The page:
Naturally, with a car of this value it’s essential to invest in a full history check to ensure there’s no outstanding finance or hidden accident damage.

It’s also wise to familiarise yourself with what’s on the market: left-hand-drive Mustangs are likely to be lower-specced than official UK cars, and – unless it’s something awesome such as a Shelby –  are best avoided. The facelifted Mustang of April 2018 fetches more money (and rightly so) thanks to a whole host of improvements; it’s recognisable from its lower nose with LED headlights and more aggressive front bumper.

It’s also worth looking out for a special edition such as the 2016 Shadow Edition (Race Red or Grabber Blue with black pony grille emblem, black Y-spoke alloys, Custom Pack and optional black roof) or the 55 Edition of 2019 (stripes, black grille, black roof, Custom Pack, unique black alloys and optional rear spoiler). Such Mustangs really are limited-runs (even Mustang main dealer Haynes Ford has single-figure allocations).

Of course, it’s the legendary Bullitt that gets most attention. Fastback/manual only, it boasts more power (thanks to GT350 Open Air Induction System, 87mm throttle bodies and remap), heavy-duty front springs and rear anti-roll bar, black Torq Thrust-type five-spoke alloys, red Brembos, debadged grille, Recaro seats with green details, and cue-ball gearknob. Paintwork is McQueen’s choice of Dark Highland Green, but Shadow Black is available on later cars. The first batch of 2018 sold out almost immediately, so Ford extended production into 2020. Worth having? Oh yes!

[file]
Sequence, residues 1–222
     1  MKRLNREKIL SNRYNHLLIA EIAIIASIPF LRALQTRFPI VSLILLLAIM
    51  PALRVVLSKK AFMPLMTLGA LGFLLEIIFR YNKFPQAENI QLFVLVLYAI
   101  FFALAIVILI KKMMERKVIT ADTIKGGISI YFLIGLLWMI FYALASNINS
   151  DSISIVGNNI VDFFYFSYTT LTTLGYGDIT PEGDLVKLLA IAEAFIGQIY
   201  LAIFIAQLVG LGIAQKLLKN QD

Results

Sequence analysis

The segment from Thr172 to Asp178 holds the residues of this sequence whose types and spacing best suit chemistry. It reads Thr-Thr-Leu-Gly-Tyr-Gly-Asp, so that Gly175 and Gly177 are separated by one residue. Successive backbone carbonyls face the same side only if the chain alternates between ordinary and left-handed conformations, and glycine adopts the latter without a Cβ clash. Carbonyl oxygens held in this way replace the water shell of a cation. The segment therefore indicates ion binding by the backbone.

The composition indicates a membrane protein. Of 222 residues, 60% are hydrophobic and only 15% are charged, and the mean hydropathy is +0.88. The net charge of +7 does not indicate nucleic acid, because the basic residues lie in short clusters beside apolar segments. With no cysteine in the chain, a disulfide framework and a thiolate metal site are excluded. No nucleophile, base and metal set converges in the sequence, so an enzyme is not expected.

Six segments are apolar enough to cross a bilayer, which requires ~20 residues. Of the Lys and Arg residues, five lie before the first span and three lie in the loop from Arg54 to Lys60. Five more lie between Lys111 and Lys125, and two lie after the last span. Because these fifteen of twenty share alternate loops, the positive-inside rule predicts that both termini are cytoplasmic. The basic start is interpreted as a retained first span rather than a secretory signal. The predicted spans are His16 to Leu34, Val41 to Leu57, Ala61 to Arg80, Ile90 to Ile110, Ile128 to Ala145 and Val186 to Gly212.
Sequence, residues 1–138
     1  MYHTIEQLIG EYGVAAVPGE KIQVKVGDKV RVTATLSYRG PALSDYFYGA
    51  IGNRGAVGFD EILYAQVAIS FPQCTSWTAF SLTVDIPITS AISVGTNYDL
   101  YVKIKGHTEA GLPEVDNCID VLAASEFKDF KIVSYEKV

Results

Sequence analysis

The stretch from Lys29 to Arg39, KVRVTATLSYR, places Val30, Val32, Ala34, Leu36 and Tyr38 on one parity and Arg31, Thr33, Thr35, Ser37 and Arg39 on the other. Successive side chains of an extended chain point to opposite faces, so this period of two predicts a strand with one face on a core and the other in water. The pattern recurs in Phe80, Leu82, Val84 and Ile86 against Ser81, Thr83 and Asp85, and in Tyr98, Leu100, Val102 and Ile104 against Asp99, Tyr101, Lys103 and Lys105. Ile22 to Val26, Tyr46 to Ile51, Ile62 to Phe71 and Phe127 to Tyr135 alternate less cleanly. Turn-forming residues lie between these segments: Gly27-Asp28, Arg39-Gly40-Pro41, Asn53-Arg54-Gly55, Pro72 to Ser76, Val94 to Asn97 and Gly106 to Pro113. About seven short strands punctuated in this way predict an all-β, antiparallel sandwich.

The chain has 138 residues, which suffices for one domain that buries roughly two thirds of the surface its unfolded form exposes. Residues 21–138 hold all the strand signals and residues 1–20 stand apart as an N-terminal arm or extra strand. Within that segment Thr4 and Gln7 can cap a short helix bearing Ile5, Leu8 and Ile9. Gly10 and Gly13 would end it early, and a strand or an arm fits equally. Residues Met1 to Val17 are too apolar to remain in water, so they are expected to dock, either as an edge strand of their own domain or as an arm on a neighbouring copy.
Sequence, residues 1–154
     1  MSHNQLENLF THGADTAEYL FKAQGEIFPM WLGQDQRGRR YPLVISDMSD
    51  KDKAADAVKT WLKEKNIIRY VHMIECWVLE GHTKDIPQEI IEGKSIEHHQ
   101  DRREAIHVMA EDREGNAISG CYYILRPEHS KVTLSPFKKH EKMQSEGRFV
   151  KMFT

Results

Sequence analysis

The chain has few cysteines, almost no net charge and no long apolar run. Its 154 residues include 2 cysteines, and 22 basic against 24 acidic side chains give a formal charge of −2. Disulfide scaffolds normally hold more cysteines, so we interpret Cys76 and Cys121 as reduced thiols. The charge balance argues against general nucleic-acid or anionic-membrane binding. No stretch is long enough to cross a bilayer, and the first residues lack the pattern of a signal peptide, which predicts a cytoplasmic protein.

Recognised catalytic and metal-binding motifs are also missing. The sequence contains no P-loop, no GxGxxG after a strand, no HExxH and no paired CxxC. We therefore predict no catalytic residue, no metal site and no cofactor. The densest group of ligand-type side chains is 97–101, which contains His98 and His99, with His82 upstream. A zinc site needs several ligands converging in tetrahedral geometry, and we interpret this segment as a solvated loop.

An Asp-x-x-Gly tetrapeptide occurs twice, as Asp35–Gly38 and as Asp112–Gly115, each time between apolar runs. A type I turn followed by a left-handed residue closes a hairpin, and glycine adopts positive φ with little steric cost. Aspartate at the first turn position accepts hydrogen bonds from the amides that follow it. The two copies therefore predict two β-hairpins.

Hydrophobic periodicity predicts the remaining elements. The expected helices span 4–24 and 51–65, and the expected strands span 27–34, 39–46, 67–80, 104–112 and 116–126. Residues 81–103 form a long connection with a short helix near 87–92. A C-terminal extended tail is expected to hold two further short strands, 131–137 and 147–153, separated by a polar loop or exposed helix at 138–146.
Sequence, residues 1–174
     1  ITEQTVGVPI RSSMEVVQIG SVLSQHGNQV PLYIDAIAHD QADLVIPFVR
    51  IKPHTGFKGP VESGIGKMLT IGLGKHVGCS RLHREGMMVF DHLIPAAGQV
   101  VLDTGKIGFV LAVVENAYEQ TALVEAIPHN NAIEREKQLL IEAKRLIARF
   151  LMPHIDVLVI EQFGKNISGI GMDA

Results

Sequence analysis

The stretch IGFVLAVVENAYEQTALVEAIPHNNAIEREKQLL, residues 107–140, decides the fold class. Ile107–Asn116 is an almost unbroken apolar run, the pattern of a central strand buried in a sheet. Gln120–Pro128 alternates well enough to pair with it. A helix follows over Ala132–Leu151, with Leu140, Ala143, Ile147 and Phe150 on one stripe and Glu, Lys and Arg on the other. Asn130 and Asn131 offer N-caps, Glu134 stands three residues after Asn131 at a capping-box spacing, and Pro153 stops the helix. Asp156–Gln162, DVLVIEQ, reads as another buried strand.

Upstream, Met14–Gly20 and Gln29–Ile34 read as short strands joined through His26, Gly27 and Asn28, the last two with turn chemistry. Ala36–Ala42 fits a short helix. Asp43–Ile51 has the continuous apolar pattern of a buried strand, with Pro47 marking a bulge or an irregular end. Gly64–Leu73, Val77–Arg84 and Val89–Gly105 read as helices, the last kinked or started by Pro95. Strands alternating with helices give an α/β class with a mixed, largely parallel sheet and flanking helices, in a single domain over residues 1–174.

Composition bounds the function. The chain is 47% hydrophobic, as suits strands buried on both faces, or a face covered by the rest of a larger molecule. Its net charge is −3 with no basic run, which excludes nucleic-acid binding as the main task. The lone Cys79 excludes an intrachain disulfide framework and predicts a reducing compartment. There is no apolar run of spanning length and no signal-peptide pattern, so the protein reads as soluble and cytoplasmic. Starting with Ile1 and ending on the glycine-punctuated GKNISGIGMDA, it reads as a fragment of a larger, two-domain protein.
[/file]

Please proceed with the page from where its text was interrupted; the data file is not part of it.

Want to know how to get the most performance from your Ford Mustang S550? You can check out our tuning guide right here.

Tech Spec: Ford Mustang S550

Engine:  

Coyote 4951cc (2018-on: 5038cc) DOHC 32-valve V8 with aluminium block and heads, cast aluminium pistons, forged steel con rods, 11:1 compression ratio (2018-on: 12:1), sequential multi-port fuel injection (2018-on: direct injection), stainless steel tubular exhaust manifolds and twin-exit system (2018-on: Active Valve performance exhaust with quad tailpipes)

Transmission: